Remodel Stories: Compromise and the Budget

While I wait for the plumber to work us into his schedule, it gives me time to work on the budget.  Budgets are a necessary component of any remodeling project.  Without one you can find yourself seriously overspending or running out of money before the project is finished.  The goal is to improve, but not over improve and still be able to balance your checkbook.

With the suggestion that we remodel both bathrooms at the same time it made me realize that now the budget for things like cabinetry, sinks, faucets and countertops would double.  Instead of two sinks, now I need four and four faucets to go with those sinks, two countertops, more cabinetry, more lighting, more tile etc.  While we are saving money on the labor for the plumber the rest is starting to add up.

A casual styled bathroom with a dark vanity and linen cabinet from Dura Surpeme Cabinetry.

I could go ahead and budget for both, but this would force me to split the budget in half, and sacrifice the quality and look of what I was initially trying to achieve.  Would I be happy with this decision down the road or will I always look at the bathrooms and regret the choices I was forced to make to stay within the budget?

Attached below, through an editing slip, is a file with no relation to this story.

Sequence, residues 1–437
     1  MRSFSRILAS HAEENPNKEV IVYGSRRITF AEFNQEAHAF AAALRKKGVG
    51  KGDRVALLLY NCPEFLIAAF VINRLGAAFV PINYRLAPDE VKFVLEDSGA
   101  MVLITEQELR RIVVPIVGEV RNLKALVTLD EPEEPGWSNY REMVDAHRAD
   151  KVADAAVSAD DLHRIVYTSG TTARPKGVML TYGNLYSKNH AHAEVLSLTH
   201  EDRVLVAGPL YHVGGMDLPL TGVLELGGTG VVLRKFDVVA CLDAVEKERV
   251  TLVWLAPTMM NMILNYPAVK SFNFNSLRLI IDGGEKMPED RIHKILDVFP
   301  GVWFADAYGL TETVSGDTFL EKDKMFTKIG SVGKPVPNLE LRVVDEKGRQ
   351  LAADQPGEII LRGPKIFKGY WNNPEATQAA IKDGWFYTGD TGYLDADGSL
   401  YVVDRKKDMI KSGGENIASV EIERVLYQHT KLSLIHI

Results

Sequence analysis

Making compromises to stay within the budget is not a bad thing; it forces you to prioritize what really matters.  Let’s say you find a picture of a faucet that you absolutely love and after some research you find out it’s a $1,000 faucet.  I’ll compromise on that and look for something similar in a lower price point.  And after you have found your less costly faucet you may have something left in the budget to splurge on!

Bathroom Vanity with a furniture style look

I’m leaning towards ignoring the plumber’s suggestion and putting off the upstairs bathroom for now.  This will allow me to make choices that I know I’ll be happy with in the main floor bath.  Let’s just hope when we do start work on the upstairs there aren’t any plumbing disasters.

Wendy Anderson's picture